Turtle Tips:

*This issue was preceded by TMNT Universe #8.  The story continues in TMNT Universe #10.

*This storyline takes place concurrently with TMNT (IDW) #67 and the "Desperate Measures" story arc.

*Alopex was rescued from Kitsune's mind-control in TMNT (IDW) #66.

*This issue was originally published with 3 variant covers: Regular Cover by Freddie E. Williams II, Subscription Cover by Pablo Tunica, and Incentive Cover by Sophie Campbell.


I'd been wanting a story focusing on the Angel/Alopex/Harold team for what has felt like forever.  Although Harold is MIA in this arc due to extenuating circumstances from the TMNT Ongoing, I'll take what I can get!  I'd been clamoring to see Angel and Alopex hang out and better develop their dynamics, which just wasn't happening in the main title due to lack of page space; the bits we got were very compelling and like the Mutanimals, they struck me as colorful characters who could hold stories without leaning on the Turtles as a crutch.  While the absence of Harold's grouchy commentary does take some of the bite out of the team's dynamic, it'll be fun to see these two think through a dilemma on their own.

The story and script, at least this early into the arc, isn't particularly enthralling, I'll confess.  Like I said, without Harold to provide some insult comedy, Angel and Alopex are just two... friends.  Who get along swimmingly.  I'm not saying that there needs to be any antagonism between them, but you do feel like an important piece is missing throughout the first part of this story, leaving behind two buddies who don't really have anything to offer except small talk.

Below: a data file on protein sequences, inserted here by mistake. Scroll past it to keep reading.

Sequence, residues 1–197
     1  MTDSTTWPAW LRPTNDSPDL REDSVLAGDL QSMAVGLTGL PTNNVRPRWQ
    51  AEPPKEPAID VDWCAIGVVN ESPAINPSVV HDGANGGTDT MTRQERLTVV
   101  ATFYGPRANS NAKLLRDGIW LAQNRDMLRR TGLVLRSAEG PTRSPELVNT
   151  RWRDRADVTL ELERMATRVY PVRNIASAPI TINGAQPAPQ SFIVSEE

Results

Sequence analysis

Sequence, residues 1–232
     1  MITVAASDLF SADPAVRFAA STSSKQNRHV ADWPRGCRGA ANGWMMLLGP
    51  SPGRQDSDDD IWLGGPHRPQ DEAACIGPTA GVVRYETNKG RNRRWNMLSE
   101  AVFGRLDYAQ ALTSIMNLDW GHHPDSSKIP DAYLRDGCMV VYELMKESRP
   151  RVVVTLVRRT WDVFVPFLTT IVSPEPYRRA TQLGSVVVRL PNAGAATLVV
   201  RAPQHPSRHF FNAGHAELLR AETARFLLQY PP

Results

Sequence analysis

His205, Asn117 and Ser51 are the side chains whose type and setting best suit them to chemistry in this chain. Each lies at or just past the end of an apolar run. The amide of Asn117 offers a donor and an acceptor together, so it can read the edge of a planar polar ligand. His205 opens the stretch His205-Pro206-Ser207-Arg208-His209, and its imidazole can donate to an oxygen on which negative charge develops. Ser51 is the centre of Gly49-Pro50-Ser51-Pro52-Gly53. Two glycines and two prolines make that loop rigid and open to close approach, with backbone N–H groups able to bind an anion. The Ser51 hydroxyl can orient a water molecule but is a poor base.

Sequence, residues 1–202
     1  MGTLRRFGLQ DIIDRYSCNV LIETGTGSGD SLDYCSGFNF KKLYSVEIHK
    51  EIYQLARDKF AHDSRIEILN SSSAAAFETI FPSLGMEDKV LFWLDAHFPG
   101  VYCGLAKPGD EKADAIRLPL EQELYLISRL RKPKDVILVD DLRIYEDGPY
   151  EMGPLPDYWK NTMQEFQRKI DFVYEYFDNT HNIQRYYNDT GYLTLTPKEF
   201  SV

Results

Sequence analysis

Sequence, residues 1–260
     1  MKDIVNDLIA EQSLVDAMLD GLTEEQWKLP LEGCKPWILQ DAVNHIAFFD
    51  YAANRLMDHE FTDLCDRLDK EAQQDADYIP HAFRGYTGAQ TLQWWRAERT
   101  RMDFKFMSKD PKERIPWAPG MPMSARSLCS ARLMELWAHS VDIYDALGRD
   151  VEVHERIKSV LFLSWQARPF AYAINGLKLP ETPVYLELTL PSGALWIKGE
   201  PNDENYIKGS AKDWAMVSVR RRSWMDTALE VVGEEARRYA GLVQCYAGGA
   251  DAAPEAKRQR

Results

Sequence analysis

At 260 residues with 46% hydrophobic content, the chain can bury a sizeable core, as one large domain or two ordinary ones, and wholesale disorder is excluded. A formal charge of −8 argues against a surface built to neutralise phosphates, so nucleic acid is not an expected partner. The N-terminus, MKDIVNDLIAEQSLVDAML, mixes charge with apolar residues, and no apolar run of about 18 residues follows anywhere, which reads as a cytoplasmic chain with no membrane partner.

Their characterizations seem better expressed through the artwork; Alopex is cheerful and playful while Angel is abrasive and easily frustrated.  It seems like a reversal from earlier stories, where Alopex was the mopey bundle of nerves and Angel seemed more keen to play around and drop jokes.  I think they need to figure out which one of them wants to be Riggs and which one wants to me Murtaugh and then stick with it.

Speaking of the art, it's the killer selling point for this issue because holy cow, this Pablo Tunica dude is some hot shit.  The environments are so lush and packed with details, and while his characters are maybe a little too over-emotive (looking rather "mushy" at times), it all befits the surreal, dreamlike tone of the story.  

The beginning of the issue reminded me significantly of McCollum and Anderson's TMNT (Vol. 1) #37, "Twilight of the Ring".  An effect they used in that story involved the Turtles treading deeper and deeper into the woods of Northampton, slowly crossing over into a strange, metaphysical dimension.  As the narrative progresses, the environment begins to subtly change and grow more unearthly; first in an exotic sort of way, but eventually crossing a threshold into something alien and frightening.

Tunica seemed like he was employing that method for the first act, as the woods get weirder and weirder with each panel, but at a pace that eases the characters and audience into it.  By the time Alopex notices the strange flowers and calls them out, it's too late.